Your Guide to the
and the Greater
July 23, 2017
History - Frontier Forts
The Fall of Fort Duquesne
The command of the expedition against Duquesne was given to Brig. Gen. John Forbes. His force amounted to about seven thousand men, consisting of twelve hundred Highlanders, three hundred and fifty Royal Americans, two thousand seven hundred Provincials from Pennsylvania, one hundred from Delaware (then called the Lower Counties), one thousand six hundred from Virginia, two hundred and fifty from Maryland, one hundred and fifty from North Carolina, and about one thousand wagoners and laborers. The twelve hundred Highlanders were divided into four companies, and the three hundred and fifty Royal Americans into four companies also.
It had been determined, after some dissent among the officers against the protestations of the Virginians, that the route of the expedition from Philadelphia should be through Pennsylvania; but the final decision as to this route was not reached until the advance of the army had arrived at Raystown, (Bedford) ; and it was finally so determined on the earnest representations and requests of Colonel Bouquet, who was satisfied from a military point of view, of the expediency of this route; in which view he was encouraged by the Pennsylvanians. The Virginians wanted the expedition to go out by way of the Braddock road.
Forbes could not keep up with the army on account of his illness. The advance under Bouquet was making its way over the Laurel Hill when Forbes was between Carlisle and Shippensburg. When the Loyalhanna, at the western base of the Laurel Hill, was reached, a fortified camp was formed and a fort was erected called Fort Ligonier. The position was secured by strong works of ample extent.
Instead of marching like Braddock, at one stretch to Fort Duquesne, burdened with a long and cumbrous baggage-train, it was the plan of Forbes to push on by slow stages, establishing fortified magazines as he went, and at last, when within easy distance of the fort, to advance upon it with all his force. It was, therefore, his purpose to gather all the army about this point at the Loyalhanna preparatory to making another step forward.
Before the arrival of Forbes at the Loyalhanna, Bouquet had sent out Major Grant, of the Highland regiment, with thirty-seven officers, and eight hundred and five privates, to reconnoitre the fort and adjacent country. His instructions were to approach not too near the Fort, and in no event to take the risk of an attack.
Grant camped the first day on the banks of the Nine Mile Run, ten miles west of the camp on the Loyalhanna ; the second day he proceeded further, and on the third, to within twelve or thirteen miles of the Fort. Although the French and Indians were constantly watching the movements of the army, yet Grant succeeded in coming within sight of the Fort, after marching near fifty miles without being discovered.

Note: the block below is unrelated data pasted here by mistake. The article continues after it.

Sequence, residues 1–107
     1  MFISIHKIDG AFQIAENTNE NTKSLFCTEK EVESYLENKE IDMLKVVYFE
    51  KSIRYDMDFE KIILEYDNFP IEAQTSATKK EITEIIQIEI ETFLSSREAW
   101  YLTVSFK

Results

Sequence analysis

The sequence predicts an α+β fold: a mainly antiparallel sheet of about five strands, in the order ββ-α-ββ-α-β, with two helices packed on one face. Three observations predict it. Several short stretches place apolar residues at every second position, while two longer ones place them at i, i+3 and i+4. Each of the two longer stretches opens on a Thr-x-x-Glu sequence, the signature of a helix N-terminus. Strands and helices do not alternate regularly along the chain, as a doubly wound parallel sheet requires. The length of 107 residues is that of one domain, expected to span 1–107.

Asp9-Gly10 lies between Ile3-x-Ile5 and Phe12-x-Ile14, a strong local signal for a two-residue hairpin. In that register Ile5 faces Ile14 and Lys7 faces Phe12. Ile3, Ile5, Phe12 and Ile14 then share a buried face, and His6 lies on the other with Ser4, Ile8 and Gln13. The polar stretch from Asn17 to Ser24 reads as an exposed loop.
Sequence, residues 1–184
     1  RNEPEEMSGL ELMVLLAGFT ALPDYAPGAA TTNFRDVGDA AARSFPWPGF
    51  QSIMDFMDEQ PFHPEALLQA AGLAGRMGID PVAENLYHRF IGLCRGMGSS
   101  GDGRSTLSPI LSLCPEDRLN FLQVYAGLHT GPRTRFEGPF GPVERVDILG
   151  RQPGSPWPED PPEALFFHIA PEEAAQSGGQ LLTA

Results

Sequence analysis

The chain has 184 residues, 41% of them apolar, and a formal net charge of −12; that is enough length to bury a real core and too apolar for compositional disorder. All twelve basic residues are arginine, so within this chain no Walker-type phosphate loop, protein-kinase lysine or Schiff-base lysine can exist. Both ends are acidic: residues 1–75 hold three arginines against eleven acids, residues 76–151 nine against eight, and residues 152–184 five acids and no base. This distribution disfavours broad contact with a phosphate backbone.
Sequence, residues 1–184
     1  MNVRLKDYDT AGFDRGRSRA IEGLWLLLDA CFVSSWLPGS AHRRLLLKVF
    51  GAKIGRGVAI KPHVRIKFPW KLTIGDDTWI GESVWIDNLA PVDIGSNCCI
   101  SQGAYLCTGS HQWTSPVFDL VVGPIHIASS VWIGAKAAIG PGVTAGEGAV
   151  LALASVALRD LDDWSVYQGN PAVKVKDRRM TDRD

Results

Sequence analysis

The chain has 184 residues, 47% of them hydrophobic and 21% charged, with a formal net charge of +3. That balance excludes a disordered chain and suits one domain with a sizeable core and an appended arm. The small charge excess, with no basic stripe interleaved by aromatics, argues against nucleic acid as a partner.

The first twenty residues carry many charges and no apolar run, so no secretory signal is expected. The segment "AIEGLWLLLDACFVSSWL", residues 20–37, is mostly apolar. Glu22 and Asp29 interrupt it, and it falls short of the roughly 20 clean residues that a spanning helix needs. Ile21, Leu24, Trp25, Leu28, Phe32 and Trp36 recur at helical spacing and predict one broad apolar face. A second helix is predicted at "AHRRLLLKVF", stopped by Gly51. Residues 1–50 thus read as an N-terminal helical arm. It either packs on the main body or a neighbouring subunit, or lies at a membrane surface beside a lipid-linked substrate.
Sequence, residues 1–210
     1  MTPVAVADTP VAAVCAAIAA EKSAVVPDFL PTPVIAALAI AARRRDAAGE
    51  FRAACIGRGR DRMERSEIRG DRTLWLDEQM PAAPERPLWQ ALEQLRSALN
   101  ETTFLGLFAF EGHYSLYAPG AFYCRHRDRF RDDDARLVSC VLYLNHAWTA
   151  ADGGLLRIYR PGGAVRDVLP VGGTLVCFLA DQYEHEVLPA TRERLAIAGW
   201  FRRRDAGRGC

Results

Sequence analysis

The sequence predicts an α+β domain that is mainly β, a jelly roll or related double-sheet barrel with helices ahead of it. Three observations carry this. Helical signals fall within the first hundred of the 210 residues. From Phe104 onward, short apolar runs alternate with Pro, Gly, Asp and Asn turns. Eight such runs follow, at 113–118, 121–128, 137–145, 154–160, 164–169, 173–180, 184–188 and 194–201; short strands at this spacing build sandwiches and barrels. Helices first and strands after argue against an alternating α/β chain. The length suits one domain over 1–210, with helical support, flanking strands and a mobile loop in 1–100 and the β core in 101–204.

The detachment halted here until three o'clock in the afternoon. The troops then quietly marched to a point about two miles from the Fort, where they left their baggage under charge of Captain Bullitt, two subalterns, and fifty men. It was already dark, and late in the night, Major Grant appeared with his troops at the brow of the fatal hill which still bears his name, between the two rivers, about a quarter of a mile from the fort.
From the apparent stillness of the enemy's quarters, and from not having met with either French or Indians on the march, Major Grant supposed that the forces in the fort must be comparatively small, and at once determined to make an attack. Two officers and fifty men were accordingly directed to approach the fort and fall upon the French and Indians that might be lying out, if not in too great number. They saw none nor were they challenged by the sentinels. As they returned they set fire to a large storehouse, but the fire was discovered and extinguished. At break of day Major Lewis was sent with two hundred men, principally American regulars and Virginian volunteers, to take post about half a mile back, and lie in ambush in the road on which they had left their baggage, under the pretension of fears that the enemy would make a bold attempt to capture it. But the secret was-that Major Grant who was jealous of Major Lewis, wished to have the glory of capturing an enemy who had so signally repulsed General Braddock, with his thousands.
Four hundred men were posted along the hill facing the fort, to cover the retreat of Captain McDonald's company, who marched with drums beating toward the enemy, in order to draw a party out of the fort; as Major Grant believed that there were not two hundred men including Indians in the garrison.
As soon as the garrison were aroused from their slumbers by the music of the invaders, both French and Indians sallied out in great numbers to the attack. Their whole force immediately separated into three divisions. The first two were sent directly under cover of the banks of the river to surround the main body under Major Grant; the third was delayed awhile to give the others time, and then displayed themselves before the fort, as if exhibiting their whole strength.
The attack then commenced, and Captain McDonald was immediately obliged to fall back upon the main body, and Major Grant received and returned a most destructive tire. At this moment he suddenly found himself flanked on all sides by the detachments from the banks of the river. The struggle became desperate. The Provincial troops concealing themselves behind trees made a good defense, but the Highlanders who stood exposed to the enemy's fire without cover, fell in great numbers, and at last gave way and fled. The Provincials, not being supported and being overpowered by numbers were compelled to follow.
Major Grant retreating to the baggage where Captain Bulitt was posted with his forty Virginians, again endeavored to rally the flying soldiers. He entreated them in the most pathetic manner to stand by him, but in vain, as the enemy was close at their heels. As soon as the enemy came up, Captain Bullitt attacked them with great fury for awhile, but not being supported and most of his men killed, he was obliged to give way. The resistance shown by this little company served to check the pursuers, and gave an opportunity to many retreating to make their escape. Major Grant and Captain Bulitt
were the last to desert the field. They separated, and Major Grant was taken prisoner.